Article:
Monday, October 10, 2005

Predicting the Future

Science fiction writers have been notoriously bad at predicting the future. This is an observation, not a criticism, since the point of science fiction is not to predict the future. It is at its best when it illuminates and explores contemporary issues. Science fiction of the past often seems irrelevant or odd, not just because its vision of the future has already been shown to be wrong, but also because the issues it engages with are outdated.

But sometimes past visions of the future still resonate:

"Just as water, gas, and electricity are brought into our houses from far off to satisfy our needs in response to a minimal effort, so we shall be supplied with visual and auditory images, which will appear and disappear at the simple movement of the hand, hardly more than a sign.... I don't know if a philosopher has ever dreamed of a company engged in the home delivery of Sensory Reality."

Paul Valery, 'La Conquete de l'ubiquite", first published in De La Musique avant toute chose (Paris: Editions du Tambourinaire 1928); 'The Conquest of Ubiquity', Aesthetics, trans. Ralph Mannheim (New York: Pantheon Books, 1964); cited in Dan Harries (ed), The New Media Book (London: British Film Institute), p.37.

Monday, October 03, 2005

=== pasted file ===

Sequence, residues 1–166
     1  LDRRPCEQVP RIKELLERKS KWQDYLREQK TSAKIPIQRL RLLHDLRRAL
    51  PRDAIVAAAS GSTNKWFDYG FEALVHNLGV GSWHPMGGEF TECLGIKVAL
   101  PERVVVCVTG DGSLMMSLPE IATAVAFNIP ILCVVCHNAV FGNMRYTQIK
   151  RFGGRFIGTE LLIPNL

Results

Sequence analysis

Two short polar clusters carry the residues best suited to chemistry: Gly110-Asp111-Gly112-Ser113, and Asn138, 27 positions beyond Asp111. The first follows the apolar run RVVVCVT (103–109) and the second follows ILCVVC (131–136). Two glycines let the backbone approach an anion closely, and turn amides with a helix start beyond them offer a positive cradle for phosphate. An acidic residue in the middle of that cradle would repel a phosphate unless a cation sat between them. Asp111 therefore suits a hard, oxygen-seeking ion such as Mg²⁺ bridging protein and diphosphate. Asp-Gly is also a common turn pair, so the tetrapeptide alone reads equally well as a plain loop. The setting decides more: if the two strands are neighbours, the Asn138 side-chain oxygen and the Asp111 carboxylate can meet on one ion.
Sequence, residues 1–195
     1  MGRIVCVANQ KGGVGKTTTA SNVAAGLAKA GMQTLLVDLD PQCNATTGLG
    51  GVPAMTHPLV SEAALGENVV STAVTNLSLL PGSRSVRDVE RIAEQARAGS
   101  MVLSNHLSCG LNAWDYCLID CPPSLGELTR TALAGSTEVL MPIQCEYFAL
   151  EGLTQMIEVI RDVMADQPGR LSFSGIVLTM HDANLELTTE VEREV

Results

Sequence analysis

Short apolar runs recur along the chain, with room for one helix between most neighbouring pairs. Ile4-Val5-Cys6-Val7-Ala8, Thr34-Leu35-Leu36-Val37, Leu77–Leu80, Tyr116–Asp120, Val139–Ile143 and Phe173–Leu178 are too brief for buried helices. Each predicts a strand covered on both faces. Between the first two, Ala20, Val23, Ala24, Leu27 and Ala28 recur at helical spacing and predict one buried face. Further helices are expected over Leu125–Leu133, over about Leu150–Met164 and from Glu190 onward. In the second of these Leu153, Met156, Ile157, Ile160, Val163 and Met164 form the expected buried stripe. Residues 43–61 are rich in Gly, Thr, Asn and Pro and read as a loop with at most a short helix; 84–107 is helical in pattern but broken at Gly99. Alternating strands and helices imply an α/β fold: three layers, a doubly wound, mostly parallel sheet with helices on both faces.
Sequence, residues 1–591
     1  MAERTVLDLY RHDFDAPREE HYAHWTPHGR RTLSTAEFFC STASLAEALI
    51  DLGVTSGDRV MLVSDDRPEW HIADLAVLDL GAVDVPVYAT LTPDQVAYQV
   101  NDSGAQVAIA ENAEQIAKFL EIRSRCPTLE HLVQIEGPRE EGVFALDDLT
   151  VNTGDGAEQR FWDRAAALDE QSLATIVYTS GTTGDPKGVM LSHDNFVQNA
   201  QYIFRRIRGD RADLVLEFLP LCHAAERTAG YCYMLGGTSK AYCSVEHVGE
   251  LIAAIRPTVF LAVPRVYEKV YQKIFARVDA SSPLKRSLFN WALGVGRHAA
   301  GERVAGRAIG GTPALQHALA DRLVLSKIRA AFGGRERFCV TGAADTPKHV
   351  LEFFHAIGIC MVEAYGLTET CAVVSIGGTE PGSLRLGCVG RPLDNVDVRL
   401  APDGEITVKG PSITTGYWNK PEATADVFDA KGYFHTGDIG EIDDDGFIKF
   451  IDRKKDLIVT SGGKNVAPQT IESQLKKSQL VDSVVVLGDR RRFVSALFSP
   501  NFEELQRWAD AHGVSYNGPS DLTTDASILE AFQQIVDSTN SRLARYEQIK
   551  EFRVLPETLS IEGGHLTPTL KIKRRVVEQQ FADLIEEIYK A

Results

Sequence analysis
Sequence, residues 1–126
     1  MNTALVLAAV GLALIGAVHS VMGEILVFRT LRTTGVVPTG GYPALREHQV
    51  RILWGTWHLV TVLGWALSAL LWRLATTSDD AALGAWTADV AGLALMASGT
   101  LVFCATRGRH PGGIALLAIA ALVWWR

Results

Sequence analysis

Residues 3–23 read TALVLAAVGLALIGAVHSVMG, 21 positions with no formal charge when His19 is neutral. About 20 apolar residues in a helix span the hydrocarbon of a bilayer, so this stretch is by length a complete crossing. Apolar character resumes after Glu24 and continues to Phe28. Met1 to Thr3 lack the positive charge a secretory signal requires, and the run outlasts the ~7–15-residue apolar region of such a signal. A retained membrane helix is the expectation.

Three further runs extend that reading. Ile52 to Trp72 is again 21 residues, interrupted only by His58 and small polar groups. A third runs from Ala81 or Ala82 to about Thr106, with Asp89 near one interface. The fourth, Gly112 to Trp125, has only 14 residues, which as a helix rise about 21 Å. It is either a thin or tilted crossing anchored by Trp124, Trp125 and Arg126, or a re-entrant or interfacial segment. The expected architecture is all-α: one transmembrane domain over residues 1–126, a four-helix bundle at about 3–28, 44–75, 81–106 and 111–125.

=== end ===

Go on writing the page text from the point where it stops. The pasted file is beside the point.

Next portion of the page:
Memories of martial arts

When I first enrolled at university, I lived in a residential college and dated a young man who also lived in the college. His main attraction was that he was available. The experience taught me a painful lesson that served me well in the years to come: availability is not enough.

This happened many years ago, long before Lauren Burns won a gold medal for Australia in Taekwondo at the 2000 Olympic games, when there was no public indication that women participated in martial arts. One of the older men at the college was reputed to be a martial arts expert. My boyfriend admired this tremendously, and followed up any mention of this man with the half-joking statement that you'd have to be careful about approaching him at night; with his hair-trigger reflexes, he might accidentally kill you.

It also happened that women did practice martial arts even back then, and a story went around about a woman who was exceptionally skilled. According to this story, a man who didn't believe that a woman could be that good decided to test her. He researched her schedule and waited to ambush her one night on the campus. The story didn't say what he expected to get out of this exercise, perhaps he wanted proof that she was just as vulnerable to male violence as any other woman. What he got was a broken knee.

I remember my boyfriend's comment clearly. "Nervy bitches like that," he said, "shouldn't be allowed to learn martial arts."